Worship with Juan

 

After we met with Juan to “seal the deal” on the boat, took a photo album of pix of our S.S. classes holding the Stephen boxes with their offerings toward his boat, met his family, drank coconut water, saw the boat and his church, the real story began.

Juan invited us to attend a worship service with him. We assumed it was at his church which was right down the road from his house and so we gave our driver/interpreter some time off. Wrong assumption. Then we jumped on mass transit (the back of a pickup) along with the rest of the community and hung on to the grip bar and rode and rode and rode passing Juan’s church by miles. We kept watching for Juan’s cue to get off because now we are the only gringos with “no Española.” Finally somewhere near the Honduras border – okay, I exaggerate, Juan nods for us to get off. But, there is no church in sight. Juan motions for us to jump on the back of a second pickup truck waiting for us at the intersection of a remote side road. HMMMMMMM, I trust this guy, right? My comfort level is about as far as the end of my nose. And we rode and we rode and we rode until a man opened a large foreboding gate for truck no. 2 to enter. I’m thinking I will never be seen again at this point and the American Embassy won’t even know where to search.

Pickup Truck for Worship with Juan

Soon we see it — a large open field with a big group of people gathered on their plastic chairs lined up seemingly awaiting our arrival.  Now I am truly embarrassed as Juan takes us to front row seats as the guests of honor and things begin.  This is a combined service of several small churches gathered.  There is a raised platform where the main events happen and VERY LARGE AND VERY LOUD SPEAKERS are set up.  There is a woman who seems to coordinate the key players and she is the most ardent pray-err.  I mean her prayers reached a feverish pitch and volume and went on and on and on about as long as our ride there.  Not sure what the petitions were, but they were mighty sincere.  There were different people reading scripture and some worshippers including Juan would follow along in the little fat Bibles.  There were song leaders for the hymns and each hymn was at least 20 verses.

Every song had the exact same beat and was accompanied by a keyboard player and all songs were clapped by the members on a Clap – rest-clap rhythm with the exception of one gringo in the crowd who insisted on a rest-clap-rest rhythm.  Dear Donald is forever on the offbeat, but maybe I should have followed in kind and they may have figured that’s how we do it in America.  🙂  But he was so into that clapping that he totally missed the 500-pound sow and her trailing piglets that went through the worship area.  What a sight.

Worshipping with Juan praise

He says

“OH, NO!”, I am thinking to myself.  What did I get Caroline into?  That bumpy pickup truck ride was forever.  And now, a large pig comes around the corner with loads of piglets in tow.  It’s heading straight toward Caroline.  I so hope she doesn’t see it.  Who can’t see a 400+ lb. pig heading your way?

We’re separated by Juan; the clapping and praying is loud; we can’t even see one another.  Is that pig going to charge her or run between her legs?  How can no one else not be watching this pig?

Meanwhile, I really love the clapping but it has been going on for an hour.  Juan knows we only have 30 minutes.  How do we get out of here with grace and not show fear or be rude?  Hey, they’re starting a syncopated, hand-clapping beat.  Thank God the beat is getting interesting. I certainly enjoy the enthusiasm and it is catching.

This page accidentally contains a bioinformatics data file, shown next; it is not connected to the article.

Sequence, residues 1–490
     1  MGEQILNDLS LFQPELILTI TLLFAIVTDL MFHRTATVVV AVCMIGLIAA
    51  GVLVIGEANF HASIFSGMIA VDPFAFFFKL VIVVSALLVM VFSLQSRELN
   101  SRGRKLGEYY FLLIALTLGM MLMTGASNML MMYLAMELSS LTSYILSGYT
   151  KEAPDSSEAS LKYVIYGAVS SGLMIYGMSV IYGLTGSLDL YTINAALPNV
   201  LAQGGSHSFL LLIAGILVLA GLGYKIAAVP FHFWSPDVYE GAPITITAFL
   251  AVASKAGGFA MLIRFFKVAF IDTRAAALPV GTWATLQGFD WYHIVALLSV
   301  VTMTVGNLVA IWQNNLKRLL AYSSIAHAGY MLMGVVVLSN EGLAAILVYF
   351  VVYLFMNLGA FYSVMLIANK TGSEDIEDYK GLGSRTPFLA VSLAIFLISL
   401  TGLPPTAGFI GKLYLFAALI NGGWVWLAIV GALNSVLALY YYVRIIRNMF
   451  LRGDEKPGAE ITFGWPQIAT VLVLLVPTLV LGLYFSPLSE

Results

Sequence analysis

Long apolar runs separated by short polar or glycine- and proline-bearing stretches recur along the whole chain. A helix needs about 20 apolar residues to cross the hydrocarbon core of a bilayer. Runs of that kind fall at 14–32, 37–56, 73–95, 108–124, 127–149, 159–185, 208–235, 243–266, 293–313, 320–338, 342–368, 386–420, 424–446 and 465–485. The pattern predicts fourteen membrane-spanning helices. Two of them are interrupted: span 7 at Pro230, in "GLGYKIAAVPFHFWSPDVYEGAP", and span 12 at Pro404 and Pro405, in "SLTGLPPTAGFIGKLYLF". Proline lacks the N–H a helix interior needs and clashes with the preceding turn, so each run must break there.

But for Caroline, I hope she doesn’t jump up in the chair and get knocked over.  Please Caroline, don’t run.  I’ll go for that pig if it begins to look out of control.  No one else is moving.  It’s got to be safe — I hope and pray.  I’m gripping the bag with the white liquid, ready to throw.  Juan, please move, do something.  The clapping continues unabated.

I’ll play like I’m unconcerned and hope she picks up on that.  But, we can’t even see one another – Oh good, the syncopated clapping continues as they become more fervent.   Please Caroline, pick up on the new beat!  This can have a bad ending!

Please Lord, one big favor for Caroline!


Children at Juan's Worship

She says

The chickens were pecking between our feet so I lifted my sandaled feet every now and then so my toes were not mistaken for kernels of corn.

Children’s church was done adjacent to the main event with kids lined up in chairs doing motions to songs led by older girls.  Older men would come and go reading them scriptures and perhaps a catechist would ask them to recite back a scripture one at a time.  (Some boys chose to disappear at that point and play in the mud puddles.  Who could blame them?)

The women all wore white cloth veils and the decorations consisted of strings of fabric strung across the crowd blowing in the breeze along with the tropical flowers in the vases.  People put offering in the bowls but often took out change including up at the altar which was perfectly acceptable.

It was still going strong when we left after 1 1/2 hours but we needed to get back to our driver.  Juan said it would continue all day and night.  Women were preparing a meal as we walked by.  He brought us baggies of maybe coconut water during the service but I was too stupid to figure out how to open it and drink it; Don was too leery about its contents so we left them.  Sorry Juan.

It was quite an experience.

Contributions

    Afflicted with Hope / embracingelsalvador.org is one of many outreach ministries at
    Saint Stephen Evangelical Lutheran Church (ELCA)
    30 West Main Street, PO Box 266
    New Kingstown, PA 17072

    Tax deductible donations for support of this work in El Salvador may be sent to the above address.